• @JS1 I don't foresee anything other than assembly, but the system I have in mind could possibly become a collaborative work, so it may be something I should consider. At this point, if that should become the case, an additional tier between an established calling convention and this code is an alternative. – Shift_Left Oct 21 '16 at 16:09

### Bug #1

You set the DF flag, so your string operation is going to run backwards. You should clear the DF flag to scan your string in the forwards direction.

### Bug #2

If you reach the byte limit, your function will return the original string pointer in RAX. The comment says it should return NULL. Perhaps you meant xor rax, rax instead of mov rax, rdi?

### Bug #3

According to the comments, your function should return with ZF set according to the result of the scan. However, since you do pushf and then popf, the ZF result is wiped out by the popf.

I would suggest following the standard X64 ABI rather than inventing a new ABI per function. For one thing, you will be able to use high level languages to interface with your assembly routines. Another thing is that it would be hard for you to remember details such as "when I call strlen, ZF set means that the terminating character was found".

### Don't call it strlen

Your function is closer to strchr or strnchr than strlen. Any reasonable person would expect a function called strlen to return a length rather than a pointer.

• There is irrefutable logic in all your points, so I know what I'll be doing this afternoon. – Shift_Left Oct 21 '16 at 16:29

Based on comments I've modified code to correct error(s) and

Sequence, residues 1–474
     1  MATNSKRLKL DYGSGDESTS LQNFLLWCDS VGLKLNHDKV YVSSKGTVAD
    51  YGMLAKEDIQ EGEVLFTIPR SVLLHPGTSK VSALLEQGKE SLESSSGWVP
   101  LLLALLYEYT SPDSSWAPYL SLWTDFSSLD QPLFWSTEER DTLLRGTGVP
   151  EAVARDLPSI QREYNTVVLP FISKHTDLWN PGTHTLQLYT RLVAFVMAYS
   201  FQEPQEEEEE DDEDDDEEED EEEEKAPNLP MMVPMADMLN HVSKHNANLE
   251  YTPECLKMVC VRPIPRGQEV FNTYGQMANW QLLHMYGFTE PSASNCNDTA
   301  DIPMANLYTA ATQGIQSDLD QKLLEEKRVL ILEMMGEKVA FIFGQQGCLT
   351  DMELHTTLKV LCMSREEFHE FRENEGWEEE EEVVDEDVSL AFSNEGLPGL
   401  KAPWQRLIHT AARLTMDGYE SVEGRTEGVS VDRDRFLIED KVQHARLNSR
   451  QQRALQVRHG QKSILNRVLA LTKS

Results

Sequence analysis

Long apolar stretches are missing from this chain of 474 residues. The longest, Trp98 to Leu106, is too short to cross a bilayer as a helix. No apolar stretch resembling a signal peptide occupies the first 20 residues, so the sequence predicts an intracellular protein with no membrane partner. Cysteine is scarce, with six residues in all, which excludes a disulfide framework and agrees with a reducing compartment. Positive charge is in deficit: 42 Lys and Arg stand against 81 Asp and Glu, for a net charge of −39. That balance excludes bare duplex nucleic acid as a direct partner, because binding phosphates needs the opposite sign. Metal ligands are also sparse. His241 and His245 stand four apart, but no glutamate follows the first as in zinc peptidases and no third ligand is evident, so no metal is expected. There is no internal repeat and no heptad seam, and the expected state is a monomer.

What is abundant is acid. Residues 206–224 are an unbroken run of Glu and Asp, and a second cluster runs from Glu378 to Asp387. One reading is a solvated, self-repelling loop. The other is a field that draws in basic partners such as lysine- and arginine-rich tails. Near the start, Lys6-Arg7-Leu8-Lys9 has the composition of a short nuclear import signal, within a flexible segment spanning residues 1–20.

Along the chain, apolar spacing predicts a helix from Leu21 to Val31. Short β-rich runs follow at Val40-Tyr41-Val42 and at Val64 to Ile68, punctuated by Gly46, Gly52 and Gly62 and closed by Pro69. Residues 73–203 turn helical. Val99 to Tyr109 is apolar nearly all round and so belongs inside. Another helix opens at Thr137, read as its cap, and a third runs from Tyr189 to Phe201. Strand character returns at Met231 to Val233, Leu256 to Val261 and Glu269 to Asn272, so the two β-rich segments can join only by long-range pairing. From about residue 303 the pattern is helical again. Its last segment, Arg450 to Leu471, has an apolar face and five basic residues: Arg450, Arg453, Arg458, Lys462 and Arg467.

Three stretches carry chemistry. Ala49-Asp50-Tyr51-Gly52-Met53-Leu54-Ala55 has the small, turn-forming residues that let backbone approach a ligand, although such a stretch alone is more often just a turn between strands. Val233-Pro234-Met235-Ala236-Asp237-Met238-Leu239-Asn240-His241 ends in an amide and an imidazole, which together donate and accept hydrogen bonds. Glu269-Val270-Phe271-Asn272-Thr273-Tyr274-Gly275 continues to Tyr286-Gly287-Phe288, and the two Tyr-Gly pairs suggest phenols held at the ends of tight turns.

• Conform to System V ABI
• Make no assumption about DF and always restore to original state
• When using a name similar to that in glibc, adhere to that functions definition.

Return pointer to first occurence of Match character

   ENTER: RDI = Pointer to ASCII string.
RSI   Bits 31 - 08 = Max chars to scan (1 - 1.67e7)
07 - 00 = Match character (0 - FF)

LEAVE: RAX = Pointer to first match or NULL if not found.
All others unchanged

DF = Unmodified.

    strchr: push    rcx                 ; Preserve registers used by proc so
mov     ecx, esi
push    rdi                 ; Its non-destructive except for RAX.
pushf                       ; Preserve direction flag

mov      al, cl             ; Match char into AL.
shr     ecx, 8              ; Shift max count into bits 23 - 00
cld                         ; Guarantee auto increment
repnz   scasb               ; Scan for AL or until ECX = 0
jz      .found

mov     eax, ecx            ; Return NULL in RAX
jmp     .done

.found: mov     rax, rdi
dec     rax                 ; Bump back to match char

.done: popf                        ; DF reset to original state
or      rax, rax            ; Set ZF accordingly
pop     rdi                 ; Original pointer from proglogue
pop     rcx
ret